The Cape Gannet (Morus capensis, formerly Sula capensis), is a large
seabird of the gannet family, Sulidae. The breeding range is restricted to three islands off Namibia and three islands off South Africa. They normally nest in large and dense colonies on flat islands or flat ledges. In 1996, this bird’s population was estimated at 340,000 individuals with the largest colony found on Malgas island, South Africa with more than 140,000 birds. Some birds have been recorded off the Australian coast, however, most birds do not stray more than 70 miles from their natural habitat.
The adult Cape Gannet is between 33 and 37 inches long with a 67 to 73 inch wingspan, and weighs 5.75 pounds. In flight, it is easy to identify its snow-white body and black tail. Upon closer inspection, a distinctive golden crown and nape, which fades to white on the neck, are noticeable. The juvenile birds look completely black when seen in flight.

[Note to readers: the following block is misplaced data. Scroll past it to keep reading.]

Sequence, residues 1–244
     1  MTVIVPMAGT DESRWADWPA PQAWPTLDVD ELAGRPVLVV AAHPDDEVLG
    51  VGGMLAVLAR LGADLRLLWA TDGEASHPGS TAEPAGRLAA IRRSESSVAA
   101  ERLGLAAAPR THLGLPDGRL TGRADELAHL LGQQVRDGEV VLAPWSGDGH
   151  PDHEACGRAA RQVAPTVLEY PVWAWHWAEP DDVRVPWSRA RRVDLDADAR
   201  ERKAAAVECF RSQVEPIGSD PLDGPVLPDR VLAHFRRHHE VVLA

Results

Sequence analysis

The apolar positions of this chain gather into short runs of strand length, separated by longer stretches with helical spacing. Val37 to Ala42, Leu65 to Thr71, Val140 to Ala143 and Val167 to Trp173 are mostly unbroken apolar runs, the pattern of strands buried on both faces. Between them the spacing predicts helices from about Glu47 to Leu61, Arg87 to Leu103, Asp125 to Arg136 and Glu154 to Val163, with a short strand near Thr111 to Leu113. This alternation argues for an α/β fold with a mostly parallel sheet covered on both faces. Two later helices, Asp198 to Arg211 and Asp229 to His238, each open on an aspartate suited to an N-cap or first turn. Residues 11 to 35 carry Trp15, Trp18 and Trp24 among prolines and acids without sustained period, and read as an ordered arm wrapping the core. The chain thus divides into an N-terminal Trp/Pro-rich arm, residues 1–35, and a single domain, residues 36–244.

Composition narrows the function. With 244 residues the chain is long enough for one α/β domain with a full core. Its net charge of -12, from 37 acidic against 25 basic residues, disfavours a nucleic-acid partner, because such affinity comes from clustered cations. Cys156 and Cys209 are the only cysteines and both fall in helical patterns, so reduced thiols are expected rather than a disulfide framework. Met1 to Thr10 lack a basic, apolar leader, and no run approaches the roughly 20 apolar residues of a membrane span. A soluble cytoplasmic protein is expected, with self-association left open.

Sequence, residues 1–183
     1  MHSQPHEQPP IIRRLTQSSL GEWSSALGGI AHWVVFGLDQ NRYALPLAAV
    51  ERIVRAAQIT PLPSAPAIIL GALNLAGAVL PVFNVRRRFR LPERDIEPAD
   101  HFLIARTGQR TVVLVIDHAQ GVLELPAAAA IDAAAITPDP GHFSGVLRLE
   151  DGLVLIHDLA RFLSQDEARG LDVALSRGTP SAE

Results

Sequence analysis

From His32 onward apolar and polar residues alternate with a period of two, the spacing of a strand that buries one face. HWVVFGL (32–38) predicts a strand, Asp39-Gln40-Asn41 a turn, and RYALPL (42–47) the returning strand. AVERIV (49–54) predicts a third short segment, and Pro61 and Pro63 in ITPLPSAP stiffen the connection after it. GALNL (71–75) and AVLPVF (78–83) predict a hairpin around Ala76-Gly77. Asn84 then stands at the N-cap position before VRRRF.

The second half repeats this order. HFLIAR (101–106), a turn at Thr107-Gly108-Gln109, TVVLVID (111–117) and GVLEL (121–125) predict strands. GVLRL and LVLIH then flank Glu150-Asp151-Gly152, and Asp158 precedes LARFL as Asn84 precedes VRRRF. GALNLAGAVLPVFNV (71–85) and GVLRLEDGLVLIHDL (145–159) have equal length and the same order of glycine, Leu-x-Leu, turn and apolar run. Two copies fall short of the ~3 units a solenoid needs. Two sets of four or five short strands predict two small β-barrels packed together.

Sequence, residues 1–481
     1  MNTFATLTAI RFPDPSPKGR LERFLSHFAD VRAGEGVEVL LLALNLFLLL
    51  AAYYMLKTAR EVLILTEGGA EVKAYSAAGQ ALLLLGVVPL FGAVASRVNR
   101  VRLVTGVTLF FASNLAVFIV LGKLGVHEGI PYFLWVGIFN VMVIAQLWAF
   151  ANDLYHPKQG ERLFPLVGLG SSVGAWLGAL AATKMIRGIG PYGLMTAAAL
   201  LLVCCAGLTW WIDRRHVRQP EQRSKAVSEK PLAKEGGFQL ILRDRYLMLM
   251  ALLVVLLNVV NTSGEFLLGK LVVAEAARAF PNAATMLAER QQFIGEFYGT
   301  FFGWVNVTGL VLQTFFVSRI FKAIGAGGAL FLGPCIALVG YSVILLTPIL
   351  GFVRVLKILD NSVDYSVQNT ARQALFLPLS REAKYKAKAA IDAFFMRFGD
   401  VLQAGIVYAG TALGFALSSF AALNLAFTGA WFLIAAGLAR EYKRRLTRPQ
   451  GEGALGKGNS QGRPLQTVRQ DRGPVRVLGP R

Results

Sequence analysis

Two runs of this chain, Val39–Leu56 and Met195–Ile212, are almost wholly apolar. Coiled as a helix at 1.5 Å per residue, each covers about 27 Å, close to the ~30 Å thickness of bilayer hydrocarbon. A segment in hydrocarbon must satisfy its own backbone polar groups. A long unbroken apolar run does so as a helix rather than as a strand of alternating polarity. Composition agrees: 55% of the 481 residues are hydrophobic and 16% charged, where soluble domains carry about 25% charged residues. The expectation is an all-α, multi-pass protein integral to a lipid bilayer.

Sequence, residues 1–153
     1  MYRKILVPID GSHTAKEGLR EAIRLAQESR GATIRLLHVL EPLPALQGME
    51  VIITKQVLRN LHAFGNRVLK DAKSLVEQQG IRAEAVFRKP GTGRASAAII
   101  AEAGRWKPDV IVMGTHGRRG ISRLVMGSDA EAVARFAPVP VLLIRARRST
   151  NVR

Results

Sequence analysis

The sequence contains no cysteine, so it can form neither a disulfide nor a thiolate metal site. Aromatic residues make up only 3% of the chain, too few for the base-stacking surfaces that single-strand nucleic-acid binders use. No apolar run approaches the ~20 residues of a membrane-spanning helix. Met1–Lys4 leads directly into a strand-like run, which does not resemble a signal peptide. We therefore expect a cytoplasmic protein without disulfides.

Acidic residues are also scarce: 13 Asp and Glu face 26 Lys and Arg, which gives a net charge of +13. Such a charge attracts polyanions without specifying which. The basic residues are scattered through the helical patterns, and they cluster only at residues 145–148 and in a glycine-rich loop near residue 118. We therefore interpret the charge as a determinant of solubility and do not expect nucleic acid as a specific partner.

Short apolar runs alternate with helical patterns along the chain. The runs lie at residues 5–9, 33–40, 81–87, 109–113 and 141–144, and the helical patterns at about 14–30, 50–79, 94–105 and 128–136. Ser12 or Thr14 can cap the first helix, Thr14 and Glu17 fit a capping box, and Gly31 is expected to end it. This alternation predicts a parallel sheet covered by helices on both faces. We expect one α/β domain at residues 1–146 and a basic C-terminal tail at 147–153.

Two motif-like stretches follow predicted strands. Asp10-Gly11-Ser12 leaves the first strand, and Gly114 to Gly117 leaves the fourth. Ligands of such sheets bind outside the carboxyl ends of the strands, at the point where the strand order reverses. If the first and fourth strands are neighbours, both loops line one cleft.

Cape Gannets begin breeding in August or September. Typically the clutch is a single bluish egg, which soon becomes soiled. Both parents are actively involved in the incubation process which lasts for 42 to 46 days until hatching. Gannets use their foot webs to incubate the egg. The foot webs, which are richly irrigated with blood vessels are wrapped around the egg. When hatched, the young weigh only 2.5 ounces, but within three weeks its body mass is 1/3 of that of an adult. At eight weeks the chick weighs more than the adult until it reaches fledgling at about 100 days.
Cape Gannets are powerful fliers, using mainly a
flap-gliding technique, which is more energy consuming than the dynamic-soaring favored by albatrosses. As all Sulids, they are fish-eating birds that plunge-dive from considerable height.